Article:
Dick Steele, Agent WD-40 is assigned by his Director, to stop the evil General Rancor from destroying the world. WD-40 believed Rancor was dead and he teams up with the hot K.G.B. Agent Veronique Ukrinsky to find Rancor and save the world.
A psychiatrist with intense acrophobia (fear of heights) goes to work for a mental institution run by doctors who appear to be crazier than their patients, and have secrets that they are willing to commit murder to keep.
Another spoof from the mind of Mel Brooks. This time he's out to poke fun at the Dracula myth. Basically, he took "Bram Stoker's Dracula," gave it a new cast and a new script and made a big joke out of it. The usual, rich English are attacked by Dracula and Dr. Van Helsing is brought in to save the day.Written by
Jason Ihle <email@example.com>
Leslie Nielsen was 68 when the film was shot; this makes him tied with Bela Lugosi as the oldest actors to play Dracula in a main role in movies. Lugosi was actually much younger (in his late forties) when he first played the Count, but he interpreted Dracula several times in his career, including, like Nielsen, in his late sixties. See more »
When Dracula has Harker by the neck in the attic scene, his mouth movements don't match with what he's saying. See more »
[throwing Renfield back into his cell]
You'll stay in here 'til you rot!
[Renfield starts sobbing and Martin comes in a second later]
Well, you're free to go!
But I've only been here for a moment.
For that moment, you were very good.
See more »
After the end credits have rolled, you can hear Dracula get the very last "last" word in -- "Chervania!". See more »
The one key element to UNDERSTAND and to enjoy a send-up like this is having the knowledge of its background. If you are not familiar with the original story of Dracula, as well as seeing both the Bela Lugosi and Gary Oldman movies, with others in between, then the gags will be lost on you.
People have rated that Brooks is losing his touch. Not so. His audience is losing touch with his level of intellect. A send-up's gags are only funny to those who recognize the source, and realize the play of the situation taking place. In Spaceballs, for instance, the final conflict between Helmet and Lonestarr, Helmet makes a play on the "Luke I am your Father" scene from Empire Strikes Back. But if you have never seen that film, you won't know that, and so the line "I am your father's brother's nephew's cousin's former roommate" would be lost on you totally.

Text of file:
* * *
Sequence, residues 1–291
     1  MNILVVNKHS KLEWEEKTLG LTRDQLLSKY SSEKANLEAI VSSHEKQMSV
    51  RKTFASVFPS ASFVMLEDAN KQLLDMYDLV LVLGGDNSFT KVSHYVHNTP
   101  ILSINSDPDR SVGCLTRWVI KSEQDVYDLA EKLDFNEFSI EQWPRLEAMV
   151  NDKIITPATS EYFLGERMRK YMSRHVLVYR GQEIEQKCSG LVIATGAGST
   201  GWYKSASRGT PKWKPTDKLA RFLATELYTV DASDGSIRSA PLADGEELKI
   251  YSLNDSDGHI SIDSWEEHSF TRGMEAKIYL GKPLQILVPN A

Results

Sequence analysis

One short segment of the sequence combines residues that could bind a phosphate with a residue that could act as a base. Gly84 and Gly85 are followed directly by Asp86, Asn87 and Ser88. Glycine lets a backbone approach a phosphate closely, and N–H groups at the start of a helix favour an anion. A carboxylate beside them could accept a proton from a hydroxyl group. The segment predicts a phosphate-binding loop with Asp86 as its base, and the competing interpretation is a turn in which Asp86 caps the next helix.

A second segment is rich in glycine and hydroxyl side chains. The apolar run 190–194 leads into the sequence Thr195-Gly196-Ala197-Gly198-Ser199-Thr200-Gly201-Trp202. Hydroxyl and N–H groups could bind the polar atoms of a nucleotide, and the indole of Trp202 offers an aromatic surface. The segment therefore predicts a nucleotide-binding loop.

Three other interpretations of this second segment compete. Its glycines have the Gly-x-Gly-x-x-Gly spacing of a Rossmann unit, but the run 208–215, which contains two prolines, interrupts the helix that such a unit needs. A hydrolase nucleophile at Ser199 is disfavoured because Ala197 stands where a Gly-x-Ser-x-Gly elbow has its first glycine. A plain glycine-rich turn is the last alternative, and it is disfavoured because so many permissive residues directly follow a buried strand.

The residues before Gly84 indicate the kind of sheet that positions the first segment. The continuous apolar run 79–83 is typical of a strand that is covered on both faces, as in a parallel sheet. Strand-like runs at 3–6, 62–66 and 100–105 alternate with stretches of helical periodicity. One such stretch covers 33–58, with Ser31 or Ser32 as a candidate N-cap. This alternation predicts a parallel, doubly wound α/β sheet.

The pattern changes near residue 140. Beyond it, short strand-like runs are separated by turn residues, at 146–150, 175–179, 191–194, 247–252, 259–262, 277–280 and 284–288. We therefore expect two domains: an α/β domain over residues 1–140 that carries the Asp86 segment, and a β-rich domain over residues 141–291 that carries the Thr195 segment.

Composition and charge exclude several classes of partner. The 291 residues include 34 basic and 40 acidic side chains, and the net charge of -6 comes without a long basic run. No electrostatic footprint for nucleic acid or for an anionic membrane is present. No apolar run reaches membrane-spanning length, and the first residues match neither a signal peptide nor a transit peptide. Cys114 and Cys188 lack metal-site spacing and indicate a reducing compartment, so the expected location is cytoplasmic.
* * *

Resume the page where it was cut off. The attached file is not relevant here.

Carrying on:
The acting is great in the movie. Those attacking the "bad" British accents should refer to other Dracula films to understand the joke. In oother Dracula films, accents come off as so fake, it's painful to watch, and that's the joke. The style of the film itself takes heavily from the Bela Lugosi version, in its design and arrangement of characters, though references to the Oldman film are used as well. Leslie Neilson did a great job in the role of Dracula, and his Renfield, Peter MacNichol, was a superb performance.
This movie deserves full credit for its level of parodistic comedy, even if it is lost on viewers. If you can't stand this movie, or find it unentertaining, then maybe you don't understand its roots well enough to appreciate it.
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